This thesis describes a new technique
for summarising the information found in Web pages in a coherent snippet.
This technique relies on two main assumptions. Firstly, in their own Web
space, people describe Web pages. Secondly, people link to the Web pages
they describe with an anchor that is clearly marked in HTML markup. In this
thesis, we identified four different anchor-paragraph arrangements with which
people refer to other Web pages. We named each arrangement and explained
its function. Based on our findings, we designed an extraction tool, called
SnipIt. SnipIt uses one of the four arrangements we identified to extract
descriptions of Web pages.
According to recent tests performed
by the commercial search engine Google, SnipIt is estimated to cover about
5% of all the pages found on the Web, with approximately 4-5 descriptions
per page. This estimate marks a great advancement on the state-of-the-art
of Web page description collections (directories like Yahoo! and the Open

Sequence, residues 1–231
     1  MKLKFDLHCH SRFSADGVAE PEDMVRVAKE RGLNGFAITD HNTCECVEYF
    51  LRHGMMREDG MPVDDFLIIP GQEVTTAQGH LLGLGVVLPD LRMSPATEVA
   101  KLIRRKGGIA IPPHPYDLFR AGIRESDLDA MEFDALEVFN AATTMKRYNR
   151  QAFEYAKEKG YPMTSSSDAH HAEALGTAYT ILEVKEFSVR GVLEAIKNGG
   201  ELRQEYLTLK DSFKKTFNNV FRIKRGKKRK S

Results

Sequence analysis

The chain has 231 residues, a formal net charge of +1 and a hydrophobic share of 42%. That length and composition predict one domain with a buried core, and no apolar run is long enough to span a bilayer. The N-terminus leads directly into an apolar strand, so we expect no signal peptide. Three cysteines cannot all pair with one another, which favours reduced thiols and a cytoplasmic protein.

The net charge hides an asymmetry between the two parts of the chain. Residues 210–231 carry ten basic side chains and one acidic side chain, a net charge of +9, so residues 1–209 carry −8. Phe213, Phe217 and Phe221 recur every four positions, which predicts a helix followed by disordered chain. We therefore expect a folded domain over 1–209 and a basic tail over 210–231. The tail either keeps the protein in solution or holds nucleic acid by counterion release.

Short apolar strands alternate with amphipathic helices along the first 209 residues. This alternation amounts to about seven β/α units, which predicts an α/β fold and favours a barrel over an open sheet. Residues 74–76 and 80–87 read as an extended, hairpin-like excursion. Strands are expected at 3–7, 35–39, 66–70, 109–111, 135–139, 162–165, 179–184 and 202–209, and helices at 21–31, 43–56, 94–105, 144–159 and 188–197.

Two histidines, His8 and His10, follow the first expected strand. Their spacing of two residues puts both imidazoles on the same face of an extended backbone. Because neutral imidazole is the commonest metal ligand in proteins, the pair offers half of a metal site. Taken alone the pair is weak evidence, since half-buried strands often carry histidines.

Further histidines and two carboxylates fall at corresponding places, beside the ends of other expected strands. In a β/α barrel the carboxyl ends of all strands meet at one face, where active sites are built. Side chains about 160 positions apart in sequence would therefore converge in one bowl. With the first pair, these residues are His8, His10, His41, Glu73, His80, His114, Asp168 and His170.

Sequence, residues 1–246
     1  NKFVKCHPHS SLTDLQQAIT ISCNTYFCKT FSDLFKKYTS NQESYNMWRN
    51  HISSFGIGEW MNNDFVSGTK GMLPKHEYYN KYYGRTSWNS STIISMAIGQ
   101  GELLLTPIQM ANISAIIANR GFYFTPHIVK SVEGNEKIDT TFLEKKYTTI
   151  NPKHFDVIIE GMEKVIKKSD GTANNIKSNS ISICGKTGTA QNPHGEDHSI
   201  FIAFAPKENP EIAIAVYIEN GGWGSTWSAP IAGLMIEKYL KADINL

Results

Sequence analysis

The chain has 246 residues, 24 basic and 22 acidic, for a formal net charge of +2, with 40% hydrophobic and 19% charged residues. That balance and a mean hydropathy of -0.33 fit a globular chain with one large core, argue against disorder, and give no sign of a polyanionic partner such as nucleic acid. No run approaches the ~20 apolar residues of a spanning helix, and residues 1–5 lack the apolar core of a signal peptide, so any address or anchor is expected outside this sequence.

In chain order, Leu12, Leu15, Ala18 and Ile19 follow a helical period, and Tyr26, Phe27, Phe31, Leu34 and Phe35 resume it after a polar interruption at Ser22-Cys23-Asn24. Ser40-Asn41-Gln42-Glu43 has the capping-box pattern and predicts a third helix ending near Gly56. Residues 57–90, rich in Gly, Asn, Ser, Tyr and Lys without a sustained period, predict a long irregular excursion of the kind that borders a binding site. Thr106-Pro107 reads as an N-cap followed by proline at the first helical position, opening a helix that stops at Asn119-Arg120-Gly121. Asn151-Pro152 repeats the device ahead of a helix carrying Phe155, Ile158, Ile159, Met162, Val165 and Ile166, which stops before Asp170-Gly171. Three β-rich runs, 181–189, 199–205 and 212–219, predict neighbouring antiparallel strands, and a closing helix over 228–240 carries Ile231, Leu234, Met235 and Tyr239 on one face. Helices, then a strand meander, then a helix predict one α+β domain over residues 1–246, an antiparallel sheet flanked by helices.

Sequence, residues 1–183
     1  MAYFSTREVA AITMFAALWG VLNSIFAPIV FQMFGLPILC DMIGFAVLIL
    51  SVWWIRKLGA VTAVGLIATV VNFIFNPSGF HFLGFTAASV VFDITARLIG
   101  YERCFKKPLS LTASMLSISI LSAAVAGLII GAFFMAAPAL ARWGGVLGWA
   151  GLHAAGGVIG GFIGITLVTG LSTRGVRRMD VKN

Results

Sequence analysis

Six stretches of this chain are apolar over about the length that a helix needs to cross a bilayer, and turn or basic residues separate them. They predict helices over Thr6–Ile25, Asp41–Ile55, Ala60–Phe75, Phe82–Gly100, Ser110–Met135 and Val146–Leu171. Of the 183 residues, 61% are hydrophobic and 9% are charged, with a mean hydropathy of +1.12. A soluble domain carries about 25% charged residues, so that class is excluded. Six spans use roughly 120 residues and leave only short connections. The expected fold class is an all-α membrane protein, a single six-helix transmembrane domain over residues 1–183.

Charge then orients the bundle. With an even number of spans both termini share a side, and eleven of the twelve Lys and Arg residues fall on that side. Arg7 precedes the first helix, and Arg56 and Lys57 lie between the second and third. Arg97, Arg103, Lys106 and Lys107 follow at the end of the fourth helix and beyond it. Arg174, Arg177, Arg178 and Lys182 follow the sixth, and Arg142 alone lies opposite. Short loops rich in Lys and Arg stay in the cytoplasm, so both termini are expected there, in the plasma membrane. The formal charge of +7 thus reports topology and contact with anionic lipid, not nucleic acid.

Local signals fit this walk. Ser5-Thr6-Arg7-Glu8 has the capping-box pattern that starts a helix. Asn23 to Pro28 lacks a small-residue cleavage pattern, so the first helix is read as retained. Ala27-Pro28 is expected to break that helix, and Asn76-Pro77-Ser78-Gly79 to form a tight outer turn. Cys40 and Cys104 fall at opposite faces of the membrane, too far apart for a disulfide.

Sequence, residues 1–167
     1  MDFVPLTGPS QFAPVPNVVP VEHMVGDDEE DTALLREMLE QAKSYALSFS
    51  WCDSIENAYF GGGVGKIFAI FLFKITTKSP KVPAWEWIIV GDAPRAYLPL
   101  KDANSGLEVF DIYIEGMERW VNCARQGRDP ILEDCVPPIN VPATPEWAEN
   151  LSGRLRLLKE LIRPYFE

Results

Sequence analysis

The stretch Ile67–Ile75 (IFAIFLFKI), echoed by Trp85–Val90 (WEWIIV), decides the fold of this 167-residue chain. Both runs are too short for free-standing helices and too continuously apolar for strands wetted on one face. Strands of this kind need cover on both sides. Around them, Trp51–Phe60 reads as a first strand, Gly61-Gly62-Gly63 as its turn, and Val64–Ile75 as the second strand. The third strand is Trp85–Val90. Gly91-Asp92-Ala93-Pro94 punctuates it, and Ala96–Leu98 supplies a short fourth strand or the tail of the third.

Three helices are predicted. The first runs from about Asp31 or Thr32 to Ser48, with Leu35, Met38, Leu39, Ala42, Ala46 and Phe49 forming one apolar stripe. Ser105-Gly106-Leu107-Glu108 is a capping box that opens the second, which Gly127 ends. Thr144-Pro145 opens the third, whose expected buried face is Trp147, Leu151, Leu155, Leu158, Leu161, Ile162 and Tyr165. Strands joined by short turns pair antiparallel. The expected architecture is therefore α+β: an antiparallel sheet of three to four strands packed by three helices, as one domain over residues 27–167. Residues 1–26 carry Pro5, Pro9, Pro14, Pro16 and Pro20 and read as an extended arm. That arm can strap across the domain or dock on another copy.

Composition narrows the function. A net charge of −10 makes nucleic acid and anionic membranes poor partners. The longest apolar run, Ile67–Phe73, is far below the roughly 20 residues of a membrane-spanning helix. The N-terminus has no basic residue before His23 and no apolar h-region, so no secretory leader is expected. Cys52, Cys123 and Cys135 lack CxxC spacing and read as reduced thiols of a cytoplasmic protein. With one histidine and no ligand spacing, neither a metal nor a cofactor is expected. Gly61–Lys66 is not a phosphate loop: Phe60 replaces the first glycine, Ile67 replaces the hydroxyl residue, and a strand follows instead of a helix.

Directory Project) which currently cover (together) less than 0.5% of the
Web, by employing tens of thousands of human editors to maintain their collections.
In comparison, SnipIt requires no manual editing, and is able to describe
at least 30 times as many Web sites.
After identifying, defining, and testing
anchor-paragraph layout arrangements for best implementing SnipIt, we designed
an application that makes use of the extracted snippets. This application
is called InCommonSense, and it is a mechanism for producing short coherent
snippets to describe Web search results. InCommonSense chooses the best description
out of the snippets found by SnipIt. InCommonSense is based on experiments
conducted with 746 users who rated descriptions for their quality. Their
preferences and choices were then trained and tested through a machine learning
process. The rules derived from this process were hard coded into InCommonSense.
The output of InCommonSense, descriptions
for search engine results, was rigorously evaluated against the current
output of commercial search engines. This was done by way of an online experiment
with over 1000 participants. In terms of ease of interaction, our evaluation
shows that InCommonSense is superior to the output of the commercial search